This event, held on Monday night in the middle of the desert at the exotic Jumeirah Bab Al Shams resort, was another signal of DIFF’s status as an emerging major international film festival. AMFAR has traditionally held its functions at premiere film festivals such as Cannes, Venice, or Berlin — where at a similar auction last year, Stone famously enthused about “naughty, nasty little Germans.” Ever the national treasure, she did not fail to put on a show here in the Middle East; drifting down the red carpet in matching purple furs and eyeshadow, alongside such other stars as Michelle Yeoh, Hayden Christensen, and Rachel Bilson, Stone had to stand aside for a moment and have herself a little cry. “I was really, really experiencing the impact,” she explained later. “This is, like, the anti-war. It’s such a human cause that brings us together in a way that is so respectful to each other and so full of spiritual elegance.”

After the opening night screening, attendees made their way to the lavish party on Jumeirah beach, feasting on foie gras and oysters and gazing at the famed “7 star” Burj al Arab Hotel. Behind the somewhat restricted mingling between those guests clad in tuxedos and evening gowns and those in the traditional Emirates national attire, festival banners proclaimed DIFF’s slogan, “Bridging Cultures, Meeting Minds,” an idea that overshadows all of the proceedings. With over 80% of its residence foreign nationals hailing from disparate parts of the globe, Dubai is in a unique position to explore that idea.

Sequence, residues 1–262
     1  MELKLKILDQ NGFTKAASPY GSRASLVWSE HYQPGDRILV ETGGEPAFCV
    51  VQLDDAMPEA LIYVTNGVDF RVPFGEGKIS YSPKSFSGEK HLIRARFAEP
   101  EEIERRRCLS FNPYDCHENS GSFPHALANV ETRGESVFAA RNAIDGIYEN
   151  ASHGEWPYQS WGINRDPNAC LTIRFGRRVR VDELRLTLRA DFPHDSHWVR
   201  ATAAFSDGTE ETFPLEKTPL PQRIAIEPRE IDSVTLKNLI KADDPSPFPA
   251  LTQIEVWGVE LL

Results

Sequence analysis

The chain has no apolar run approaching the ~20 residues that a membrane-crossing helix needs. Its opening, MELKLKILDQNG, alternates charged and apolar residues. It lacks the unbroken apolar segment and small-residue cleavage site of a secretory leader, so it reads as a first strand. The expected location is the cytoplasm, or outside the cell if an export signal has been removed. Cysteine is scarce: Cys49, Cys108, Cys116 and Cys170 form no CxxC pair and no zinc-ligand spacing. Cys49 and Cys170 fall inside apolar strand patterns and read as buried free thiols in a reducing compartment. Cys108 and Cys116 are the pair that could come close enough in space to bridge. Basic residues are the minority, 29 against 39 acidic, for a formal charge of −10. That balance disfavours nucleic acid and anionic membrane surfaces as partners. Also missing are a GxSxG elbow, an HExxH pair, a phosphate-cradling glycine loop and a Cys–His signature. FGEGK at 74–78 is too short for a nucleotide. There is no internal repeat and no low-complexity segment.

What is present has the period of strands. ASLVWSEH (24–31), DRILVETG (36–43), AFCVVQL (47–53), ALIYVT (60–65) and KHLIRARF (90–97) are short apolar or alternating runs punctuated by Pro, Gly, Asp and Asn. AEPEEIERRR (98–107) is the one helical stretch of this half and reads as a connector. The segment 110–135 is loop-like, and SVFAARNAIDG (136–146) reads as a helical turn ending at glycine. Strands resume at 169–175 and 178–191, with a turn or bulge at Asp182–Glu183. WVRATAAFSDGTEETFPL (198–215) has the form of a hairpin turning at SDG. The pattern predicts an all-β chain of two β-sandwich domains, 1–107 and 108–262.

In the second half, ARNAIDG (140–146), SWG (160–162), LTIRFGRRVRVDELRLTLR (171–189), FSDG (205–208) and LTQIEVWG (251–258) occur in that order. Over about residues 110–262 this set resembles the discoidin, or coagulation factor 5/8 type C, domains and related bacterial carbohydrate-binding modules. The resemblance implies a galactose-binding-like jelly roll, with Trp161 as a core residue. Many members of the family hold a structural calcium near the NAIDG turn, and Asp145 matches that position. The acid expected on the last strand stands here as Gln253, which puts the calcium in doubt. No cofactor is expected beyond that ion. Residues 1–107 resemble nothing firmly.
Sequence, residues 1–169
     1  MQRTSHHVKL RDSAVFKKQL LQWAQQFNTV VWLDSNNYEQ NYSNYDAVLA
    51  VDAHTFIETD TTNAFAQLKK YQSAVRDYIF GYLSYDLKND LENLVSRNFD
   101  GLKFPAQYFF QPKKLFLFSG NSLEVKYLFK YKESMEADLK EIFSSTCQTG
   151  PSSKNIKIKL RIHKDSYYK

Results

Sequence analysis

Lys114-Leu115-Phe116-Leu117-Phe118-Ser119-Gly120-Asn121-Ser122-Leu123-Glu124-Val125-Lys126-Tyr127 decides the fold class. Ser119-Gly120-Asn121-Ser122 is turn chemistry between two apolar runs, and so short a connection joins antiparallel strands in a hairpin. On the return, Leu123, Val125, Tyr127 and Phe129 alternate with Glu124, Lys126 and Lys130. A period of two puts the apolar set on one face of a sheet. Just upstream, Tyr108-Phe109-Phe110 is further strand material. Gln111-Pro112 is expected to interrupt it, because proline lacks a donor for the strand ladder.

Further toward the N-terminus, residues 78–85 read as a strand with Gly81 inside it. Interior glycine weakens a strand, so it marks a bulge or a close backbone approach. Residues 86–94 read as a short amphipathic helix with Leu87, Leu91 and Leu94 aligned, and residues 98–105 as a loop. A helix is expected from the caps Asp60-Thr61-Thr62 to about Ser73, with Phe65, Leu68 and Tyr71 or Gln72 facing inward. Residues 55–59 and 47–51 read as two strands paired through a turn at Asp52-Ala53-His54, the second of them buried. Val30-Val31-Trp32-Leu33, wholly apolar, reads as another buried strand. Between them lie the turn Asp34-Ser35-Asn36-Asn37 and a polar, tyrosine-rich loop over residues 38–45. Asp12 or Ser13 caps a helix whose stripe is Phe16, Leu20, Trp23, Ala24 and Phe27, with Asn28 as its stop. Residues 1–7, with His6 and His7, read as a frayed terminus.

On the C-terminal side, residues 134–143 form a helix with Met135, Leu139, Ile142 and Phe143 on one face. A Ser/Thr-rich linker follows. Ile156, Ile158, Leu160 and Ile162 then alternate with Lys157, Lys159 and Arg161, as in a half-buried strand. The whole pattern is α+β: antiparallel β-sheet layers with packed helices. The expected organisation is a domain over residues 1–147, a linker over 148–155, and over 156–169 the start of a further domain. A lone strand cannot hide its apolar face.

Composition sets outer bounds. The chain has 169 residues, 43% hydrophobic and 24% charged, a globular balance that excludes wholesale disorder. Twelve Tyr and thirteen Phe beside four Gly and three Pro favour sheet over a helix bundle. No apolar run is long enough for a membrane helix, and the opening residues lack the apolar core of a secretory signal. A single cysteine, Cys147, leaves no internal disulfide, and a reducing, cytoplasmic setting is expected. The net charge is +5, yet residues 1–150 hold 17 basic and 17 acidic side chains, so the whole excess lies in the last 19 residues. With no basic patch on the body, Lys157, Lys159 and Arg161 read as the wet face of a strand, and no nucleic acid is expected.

Performer Gloria Estefan with husband Emilio Estefan at the Dubai Film Festival. Estefan will perform her first ever Middle East set on Thursday night, after the world premiere of Emilio’s film “90 Miles the Documentary.”

“You can see in the structure of the program the ways in which we’ve emphasized the global personality of the festival and the city,” says Artistic Director of International Programming Simon Field. Fifty percent of the programming is Arabic, both in competition for the Muhr Awards and in the non-competitive Arabian Nights categories, and the remainder is divided regionally between Africa, Asia (with a spotlight on China), and the more Western ‘Cinema of the World’ (with sidebar categories for children’s film and music films). “We program all of this with some sensitivity towards regional sensibilities,” explains Field delicately, when asked about the inclusion of such potentially controversial films as the Romanian “4 Months, 3 Weeks, 2 Days” or the Cohen Brothers’ “No Country for Old Men,” “but not as much as you might suspect. We’re feeling out how far you can go in terms of adventurousness of cinema.”

The festival continues throughout the week with over 140 films, with a different gala screening every night, including the Mira Nair-produced omnibus film “Aids Jaago,” Wes Anderson‘s “The Darjeeling Limited,” and closing night film “The Kite Runner.” Lifetime Achievement awards will be given to American actor Danny Glover (with a screening of Charles Burnett‘s 1990 film “To Sleep with Anger” and John Sayles‘ new “Honeydripper.”

[Charlie Olsky will file additional reports from the Dubai International Film Festival later this week.]